As for Routh re-Superman-ing, he was playing a rather less pleasant version of the character, not in terms of personality, but his backstory. On this Earth Lois and all his friends at the Daily Planet were killed by a gas attack from Joker, though unlike the Injustice games I guess this Superman didn’t kill the villain and go all evil. It was an interesting take, and it worked with the Kingdom Come (there it is again!) style suit, with red and black rather than red and yellow in his symbol, which he apparently changed to show “there is always a light in the dark”. In general it was just nice for Mr. Routh to get another go, even if I think the Arrowverse version of Superman played by Tyler Hoechlin is better, which was still the case when the two clashed in the storyline.
It’s the seven Paragons! It would look better if the Martian Manhunter would ever actually look like himself rather than a random regular guy.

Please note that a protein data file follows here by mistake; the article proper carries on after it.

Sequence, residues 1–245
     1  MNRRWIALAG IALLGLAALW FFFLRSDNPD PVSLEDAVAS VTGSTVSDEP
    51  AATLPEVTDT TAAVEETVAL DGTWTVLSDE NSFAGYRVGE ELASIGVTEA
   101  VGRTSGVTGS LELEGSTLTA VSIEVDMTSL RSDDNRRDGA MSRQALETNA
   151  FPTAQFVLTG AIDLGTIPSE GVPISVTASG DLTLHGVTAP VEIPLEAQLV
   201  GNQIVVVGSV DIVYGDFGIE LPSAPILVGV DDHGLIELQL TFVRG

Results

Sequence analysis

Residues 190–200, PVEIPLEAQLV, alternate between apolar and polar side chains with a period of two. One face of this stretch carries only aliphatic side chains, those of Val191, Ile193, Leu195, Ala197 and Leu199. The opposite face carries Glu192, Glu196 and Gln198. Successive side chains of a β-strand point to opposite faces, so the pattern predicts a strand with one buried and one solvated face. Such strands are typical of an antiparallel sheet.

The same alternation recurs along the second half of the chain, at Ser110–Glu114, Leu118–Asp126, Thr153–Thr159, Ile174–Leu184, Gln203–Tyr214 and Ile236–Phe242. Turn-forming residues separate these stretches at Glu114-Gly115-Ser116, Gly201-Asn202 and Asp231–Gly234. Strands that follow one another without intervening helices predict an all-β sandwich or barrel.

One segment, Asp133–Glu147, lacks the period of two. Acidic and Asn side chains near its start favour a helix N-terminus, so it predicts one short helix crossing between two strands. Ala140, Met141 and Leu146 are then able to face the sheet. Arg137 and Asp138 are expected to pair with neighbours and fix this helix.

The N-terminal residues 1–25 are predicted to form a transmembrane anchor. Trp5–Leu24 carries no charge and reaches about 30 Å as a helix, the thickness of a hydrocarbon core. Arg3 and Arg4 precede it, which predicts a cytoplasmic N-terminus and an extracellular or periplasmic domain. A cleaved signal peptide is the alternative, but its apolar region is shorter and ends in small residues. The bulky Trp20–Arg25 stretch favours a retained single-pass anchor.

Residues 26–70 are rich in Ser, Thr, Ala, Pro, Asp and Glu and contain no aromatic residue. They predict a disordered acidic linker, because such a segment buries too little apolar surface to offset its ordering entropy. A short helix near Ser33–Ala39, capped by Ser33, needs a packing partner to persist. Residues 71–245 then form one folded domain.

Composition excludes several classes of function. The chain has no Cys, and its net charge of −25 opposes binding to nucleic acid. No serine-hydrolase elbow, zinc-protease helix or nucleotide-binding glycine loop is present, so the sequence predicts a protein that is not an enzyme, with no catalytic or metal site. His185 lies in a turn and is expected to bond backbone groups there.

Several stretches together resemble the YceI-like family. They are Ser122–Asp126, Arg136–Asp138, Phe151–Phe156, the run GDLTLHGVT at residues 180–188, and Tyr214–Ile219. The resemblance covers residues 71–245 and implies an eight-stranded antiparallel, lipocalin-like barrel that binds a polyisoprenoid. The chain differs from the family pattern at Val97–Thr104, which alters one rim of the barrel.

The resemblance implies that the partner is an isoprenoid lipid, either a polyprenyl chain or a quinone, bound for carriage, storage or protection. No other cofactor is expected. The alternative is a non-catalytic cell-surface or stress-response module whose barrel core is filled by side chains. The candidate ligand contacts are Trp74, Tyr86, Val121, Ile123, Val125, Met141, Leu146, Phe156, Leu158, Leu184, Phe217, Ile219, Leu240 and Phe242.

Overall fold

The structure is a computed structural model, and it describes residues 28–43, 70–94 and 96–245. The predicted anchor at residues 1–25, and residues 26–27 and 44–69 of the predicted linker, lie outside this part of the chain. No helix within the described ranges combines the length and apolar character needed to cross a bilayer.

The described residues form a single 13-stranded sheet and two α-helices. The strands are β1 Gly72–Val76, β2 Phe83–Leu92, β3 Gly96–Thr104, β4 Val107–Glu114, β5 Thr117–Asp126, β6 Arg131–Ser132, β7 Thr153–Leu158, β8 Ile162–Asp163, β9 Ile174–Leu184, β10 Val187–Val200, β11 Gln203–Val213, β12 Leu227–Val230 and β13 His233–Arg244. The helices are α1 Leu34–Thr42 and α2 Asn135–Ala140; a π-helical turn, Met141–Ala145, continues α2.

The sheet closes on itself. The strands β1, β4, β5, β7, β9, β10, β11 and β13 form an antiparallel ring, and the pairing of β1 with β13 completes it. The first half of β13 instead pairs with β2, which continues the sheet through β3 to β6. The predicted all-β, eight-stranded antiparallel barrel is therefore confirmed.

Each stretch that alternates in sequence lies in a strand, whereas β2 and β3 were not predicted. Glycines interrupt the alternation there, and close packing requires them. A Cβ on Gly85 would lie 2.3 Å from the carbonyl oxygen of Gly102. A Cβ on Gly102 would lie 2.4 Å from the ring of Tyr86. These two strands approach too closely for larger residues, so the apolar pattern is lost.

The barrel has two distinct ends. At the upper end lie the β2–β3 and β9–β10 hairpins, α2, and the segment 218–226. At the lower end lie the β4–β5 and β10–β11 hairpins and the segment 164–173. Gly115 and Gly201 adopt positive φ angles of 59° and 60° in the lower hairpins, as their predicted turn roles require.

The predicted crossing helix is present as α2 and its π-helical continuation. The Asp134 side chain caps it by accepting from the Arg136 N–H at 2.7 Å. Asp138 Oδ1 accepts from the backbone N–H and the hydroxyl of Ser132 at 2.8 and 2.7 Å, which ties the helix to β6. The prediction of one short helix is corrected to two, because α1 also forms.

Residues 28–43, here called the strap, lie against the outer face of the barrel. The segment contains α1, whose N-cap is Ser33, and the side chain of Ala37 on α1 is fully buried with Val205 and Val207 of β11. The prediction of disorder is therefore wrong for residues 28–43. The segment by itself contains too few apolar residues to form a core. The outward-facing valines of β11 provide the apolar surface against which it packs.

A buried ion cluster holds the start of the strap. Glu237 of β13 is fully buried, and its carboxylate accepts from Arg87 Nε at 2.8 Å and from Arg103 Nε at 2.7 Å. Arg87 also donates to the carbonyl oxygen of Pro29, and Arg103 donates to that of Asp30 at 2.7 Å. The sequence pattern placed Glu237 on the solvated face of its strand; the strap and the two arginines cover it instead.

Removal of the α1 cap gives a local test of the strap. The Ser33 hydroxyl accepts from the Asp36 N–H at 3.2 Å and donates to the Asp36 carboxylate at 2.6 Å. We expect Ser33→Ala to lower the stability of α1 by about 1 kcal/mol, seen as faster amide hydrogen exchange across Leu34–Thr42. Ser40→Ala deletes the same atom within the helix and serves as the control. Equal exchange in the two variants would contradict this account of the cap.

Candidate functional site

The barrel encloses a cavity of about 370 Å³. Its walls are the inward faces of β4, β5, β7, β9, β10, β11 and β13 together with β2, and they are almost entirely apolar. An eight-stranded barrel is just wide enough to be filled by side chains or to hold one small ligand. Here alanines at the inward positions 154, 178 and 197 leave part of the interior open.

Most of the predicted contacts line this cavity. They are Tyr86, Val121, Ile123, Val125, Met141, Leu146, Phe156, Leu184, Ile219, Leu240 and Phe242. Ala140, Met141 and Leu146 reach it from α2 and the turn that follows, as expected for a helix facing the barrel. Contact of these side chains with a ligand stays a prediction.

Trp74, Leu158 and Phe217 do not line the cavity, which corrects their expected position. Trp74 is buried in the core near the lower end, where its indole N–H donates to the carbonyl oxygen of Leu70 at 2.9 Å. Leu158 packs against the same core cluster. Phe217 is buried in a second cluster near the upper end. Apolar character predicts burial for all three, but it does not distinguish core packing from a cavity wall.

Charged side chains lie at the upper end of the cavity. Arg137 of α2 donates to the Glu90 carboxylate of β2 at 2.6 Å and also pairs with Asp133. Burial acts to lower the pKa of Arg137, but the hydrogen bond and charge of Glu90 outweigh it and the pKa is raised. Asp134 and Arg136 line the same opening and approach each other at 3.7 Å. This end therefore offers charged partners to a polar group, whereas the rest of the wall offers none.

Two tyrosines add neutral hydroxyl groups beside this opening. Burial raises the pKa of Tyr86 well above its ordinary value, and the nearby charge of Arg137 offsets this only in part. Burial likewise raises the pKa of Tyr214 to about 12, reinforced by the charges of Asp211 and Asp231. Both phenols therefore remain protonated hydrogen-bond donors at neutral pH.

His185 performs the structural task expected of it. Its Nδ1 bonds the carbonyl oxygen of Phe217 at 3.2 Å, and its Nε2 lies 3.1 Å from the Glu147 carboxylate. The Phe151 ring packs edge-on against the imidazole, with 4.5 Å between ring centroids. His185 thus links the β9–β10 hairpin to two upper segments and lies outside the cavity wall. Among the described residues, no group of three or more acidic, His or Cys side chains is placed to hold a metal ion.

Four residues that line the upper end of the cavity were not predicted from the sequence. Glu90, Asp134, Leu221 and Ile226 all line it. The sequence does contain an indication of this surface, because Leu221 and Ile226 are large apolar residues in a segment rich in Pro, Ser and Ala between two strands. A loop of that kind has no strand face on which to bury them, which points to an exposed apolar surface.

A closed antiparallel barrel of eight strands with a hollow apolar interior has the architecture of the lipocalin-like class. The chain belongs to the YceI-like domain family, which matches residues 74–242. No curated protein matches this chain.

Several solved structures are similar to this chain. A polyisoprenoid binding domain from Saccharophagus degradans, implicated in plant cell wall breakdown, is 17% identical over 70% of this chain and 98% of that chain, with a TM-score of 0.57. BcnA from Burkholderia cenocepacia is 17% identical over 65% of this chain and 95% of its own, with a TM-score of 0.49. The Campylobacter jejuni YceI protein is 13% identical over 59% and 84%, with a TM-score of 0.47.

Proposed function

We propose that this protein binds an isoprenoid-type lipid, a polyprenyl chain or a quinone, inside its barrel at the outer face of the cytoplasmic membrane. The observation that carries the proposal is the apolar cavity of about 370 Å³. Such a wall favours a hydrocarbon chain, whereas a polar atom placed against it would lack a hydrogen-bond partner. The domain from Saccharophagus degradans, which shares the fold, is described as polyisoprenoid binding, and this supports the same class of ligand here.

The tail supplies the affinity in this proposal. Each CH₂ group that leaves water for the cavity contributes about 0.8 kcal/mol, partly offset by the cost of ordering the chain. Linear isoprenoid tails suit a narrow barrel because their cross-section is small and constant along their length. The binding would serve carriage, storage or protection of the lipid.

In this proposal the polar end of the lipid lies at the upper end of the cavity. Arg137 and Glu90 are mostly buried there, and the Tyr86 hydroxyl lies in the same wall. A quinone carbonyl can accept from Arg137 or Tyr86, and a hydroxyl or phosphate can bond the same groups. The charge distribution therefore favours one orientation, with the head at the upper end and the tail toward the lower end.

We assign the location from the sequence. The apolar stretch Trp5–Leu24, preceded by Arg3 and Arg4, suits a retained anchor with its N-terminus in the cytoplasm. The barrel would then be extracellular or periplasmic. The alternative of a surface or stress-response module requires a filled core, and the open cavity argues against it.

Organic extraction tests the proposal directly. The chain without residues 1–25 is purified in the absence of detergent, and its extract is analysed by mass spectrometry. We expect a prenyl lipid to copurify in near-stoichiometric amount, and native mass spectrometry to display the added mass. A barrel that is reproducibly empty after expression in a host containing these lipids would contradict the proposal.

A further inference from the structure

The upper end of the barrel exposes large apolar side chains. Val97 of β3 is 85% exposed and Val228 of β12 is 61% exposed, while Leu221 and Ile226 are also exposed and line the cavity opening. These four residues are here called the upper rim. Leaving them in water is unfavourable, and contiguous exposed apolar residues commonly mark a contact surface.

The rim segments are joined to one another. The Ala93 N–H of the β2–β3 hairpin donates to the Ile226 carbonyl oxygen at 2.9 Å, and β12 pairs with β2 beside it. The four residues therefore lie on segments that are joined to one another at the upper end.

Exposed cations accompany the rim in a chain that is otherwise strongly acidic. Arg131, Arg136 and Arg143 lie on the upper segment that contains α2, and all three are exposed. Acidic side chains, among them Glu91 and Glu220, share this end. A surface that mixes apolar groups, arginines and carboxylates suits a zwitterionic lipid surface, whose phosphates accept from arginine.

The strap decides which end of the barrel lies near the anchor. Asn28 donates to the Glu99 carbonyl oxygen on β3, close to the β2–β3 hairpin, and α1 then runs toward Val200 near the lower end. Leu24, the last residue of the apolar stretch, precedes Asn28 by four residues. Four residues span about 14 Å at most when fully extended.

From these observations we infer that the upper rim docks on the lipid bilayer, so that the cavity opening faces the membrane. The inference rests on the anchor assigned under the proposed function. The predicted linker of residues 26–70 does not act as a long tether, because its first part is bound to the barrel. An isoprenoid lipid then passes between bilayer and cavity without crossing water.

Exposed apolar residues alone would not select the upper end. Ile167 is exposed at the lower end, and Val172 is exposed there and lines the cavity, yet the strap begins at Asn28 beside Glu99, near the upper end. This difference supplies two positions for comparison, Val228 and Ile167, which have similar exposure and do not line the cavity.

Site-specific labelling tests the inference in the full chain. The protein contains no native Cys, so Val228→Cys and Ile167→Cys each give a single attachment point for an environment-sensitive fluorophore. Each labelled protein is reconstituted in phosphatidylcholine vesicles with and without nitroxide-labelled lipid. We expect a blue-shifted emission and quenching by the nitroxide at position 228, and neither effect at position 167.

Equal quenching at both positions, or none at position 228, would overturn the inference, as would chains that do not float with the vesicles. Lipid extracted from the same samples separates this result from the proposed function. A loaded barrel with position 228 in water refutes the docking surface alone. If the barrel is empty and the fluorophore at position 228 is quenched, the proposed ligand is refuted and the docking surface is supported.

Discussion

As I ended up… stepping away from Supergirl mid-way through its previous season, I missed Jon Cryer as Lex Luthor, and it seems was all the worst for it. He’s a great villain, brilliantly self-centred and arrogant, and a whole chunk of Episode 2 where he had the Book of Destiny and started to use it to rid the multiverse of Supermen (despite, you know, the multiverse coming to an end anyway…) was fun, and featured the long-hoped for appearance of the Superman from Smallville, played by Tom Welling, though I’ll admit to having never watched that show, so beyond being aware of it, it lacked the impact it needed. Still, Cryer as Luther was great, and him writing himself in as a “Paragon” instead of the Routh Superman so he could survive the apocalypse was good fun. That was a thing, by the way, Supergirl, Flash (Grant Gustin), Batwoman, Martian Manhunter (David Harewood), Sara Lance / White Canary (Caity Lotz), and Ryan Choi (Osric Chau), a regular scientist who is apparently set to replace Ray Palmer as the Atom later on, are the other six Paragons. Bit of a funny coincidence that all barring one were from the same two Earths we see, but that’s necessary storytelling for ya!